Stork-billed Kingfisher catching another fish

posted in: Feeding strategy, Kingfishers | 2

This is another documentation of the Stork-billed Kingfisher (Halcyon capensis) catching a young Common Tilapia (Oreochromis mossambicus) by Kennie Pan. This fish is not native to the region but introduced for food. This is probably the most successful and widely distributed of the tilapias.

The kingfisher was successful in catching this fish after three tries, diving at intervals of five to 20 minutes. The bird is often around Symphony Lake at the Singapore Botanic Gardens. Sometimes it flies off after a few unsuccessful dives, to return in the evening or the next day.

As Kennie wrote, “I realised that the Stork-billed is a ferocious predator when, instead of picking up the fish from the water by scooping it into it’s beak, it just dived-bombed directly at it’s target. It flapped its wings during the initial dive, to fold them as it gains momentum just before touching the water.

“The speed was so fast that most probably the fish had little chance of escaping. Due to the powerful impact, the beak just pierced right through the fish, probably killing it instantly, though it still whacked the fish against the branch when it returned to its favourite perch. After about three minutes of whacking, it flew off with its catch.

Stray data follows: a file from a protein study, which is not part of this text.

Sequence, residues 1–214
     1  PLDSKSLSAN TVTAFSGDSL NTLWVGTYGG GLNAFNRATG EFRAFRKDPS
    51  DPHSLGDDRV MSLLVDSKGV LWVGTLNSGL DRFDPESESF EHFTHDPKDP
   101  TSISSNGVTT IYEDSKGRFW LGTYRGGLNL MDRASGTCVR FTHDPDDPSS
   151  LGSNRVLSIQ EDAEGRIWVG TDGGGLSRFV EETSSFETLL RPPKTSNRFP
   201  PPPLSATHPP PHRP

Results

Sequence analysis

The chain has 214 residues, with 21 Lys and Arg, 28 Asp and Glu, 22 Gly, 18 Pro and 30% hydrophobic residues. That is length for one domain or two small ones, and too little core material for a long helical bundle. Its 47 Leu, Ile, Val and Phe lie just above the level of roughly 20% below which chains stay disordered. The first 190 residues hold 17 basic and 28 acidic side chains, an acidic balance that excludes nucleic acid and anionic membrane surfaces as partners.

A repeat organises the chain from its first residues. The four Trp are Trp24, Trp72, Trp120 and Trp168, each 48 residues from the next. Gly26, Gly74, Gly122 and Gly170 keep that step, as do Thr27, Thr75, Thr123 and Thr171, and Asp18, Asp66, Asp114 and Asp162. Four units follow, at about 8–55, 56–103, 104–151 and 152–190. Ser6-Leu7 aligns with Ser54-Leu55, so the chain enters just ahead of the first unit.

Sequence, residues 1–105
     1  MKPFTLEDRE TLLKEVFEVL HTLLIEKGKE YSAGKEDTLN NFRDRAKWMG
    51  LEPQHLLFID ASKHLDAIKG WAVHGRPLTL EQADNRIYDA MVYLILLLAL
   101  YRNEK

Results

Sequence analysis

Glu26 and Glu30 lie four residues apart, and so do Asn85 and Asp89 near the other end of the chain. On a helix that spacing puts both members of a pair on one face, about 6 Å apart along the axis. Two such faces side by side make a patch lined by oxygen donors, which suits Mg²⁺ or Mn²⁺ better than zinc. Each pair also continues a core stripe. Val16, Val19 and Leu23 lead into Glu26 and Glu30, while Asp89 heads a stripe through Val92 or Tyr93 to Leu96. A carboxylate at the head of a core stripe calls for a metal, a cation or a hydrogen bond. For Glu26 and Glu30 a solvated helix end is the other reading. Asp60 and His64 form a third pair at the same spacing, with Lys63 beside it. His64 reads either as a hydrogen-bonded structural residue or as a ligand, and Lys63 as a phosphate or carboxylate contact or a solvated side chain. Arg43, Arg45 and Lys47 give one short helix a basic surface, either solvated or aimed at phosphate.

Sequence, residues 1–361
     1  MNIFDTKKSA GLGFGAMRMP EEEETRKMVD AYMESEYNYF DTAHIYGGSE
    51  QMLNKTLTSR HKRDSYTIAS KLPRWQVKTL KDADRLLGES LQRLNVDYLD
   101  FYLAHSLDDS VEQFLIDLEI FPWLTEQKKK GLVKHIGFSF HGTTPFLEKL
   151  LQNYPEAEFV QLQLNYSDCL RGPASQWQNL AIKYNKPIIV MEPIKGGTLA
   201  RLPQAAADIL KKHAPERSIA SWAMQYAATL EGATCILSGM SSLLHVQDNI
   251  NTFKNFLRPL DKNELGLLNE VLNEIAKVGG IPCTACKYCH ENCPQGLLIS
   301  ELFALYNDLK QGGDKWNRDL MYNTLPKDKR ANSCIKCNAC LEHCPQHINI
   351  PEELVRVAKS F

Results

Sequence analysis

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Dr Wee played a significant role as a green advocate in Singapore through his extensive involvement in various organizations and committees: as Secretary and Chairman for the Malayan Nature Society (Singapore Branch), and with the Nature Society (Singapore) as founding President (1978-1995). He has also served in the Nature Reserve Board (1987-1989), Nature Reserves Committee (1990-1996), National Council on the Environment/Singapore Environment Council (1992-1996), Work-Group on Nature Conservation (1992) and Inter-Varsity Council on the Environment (1995-1997). He is Patron of the Singapore Gardening Society and was appointed Honorary Museum Associate of the Lee Kong Chian Natural History Museum (LKCNHM) in 2012. In 2005, Dr Wee started the Bird Ecology Study Group. With more than 6,000 entries, the website has become a valuable resource consulted by students, birdwatchers and researchers locally and internationally. The views and opinions expressed in this article are his own, and do not represent those of LKCNHM, the National University of Singapore or its affiliated institutions.

2 Responses

  1. The Bird Ecology Study Group: Beyond Birding

    […] of the most thrilling aspects of the Bird Ecology Study Group is their photographic abilities. In Stork-billed Kingfisher catching another fish, for example, there are side-by-side photos of a Stork-billed Kingfisher in action nabbing a fish. […]

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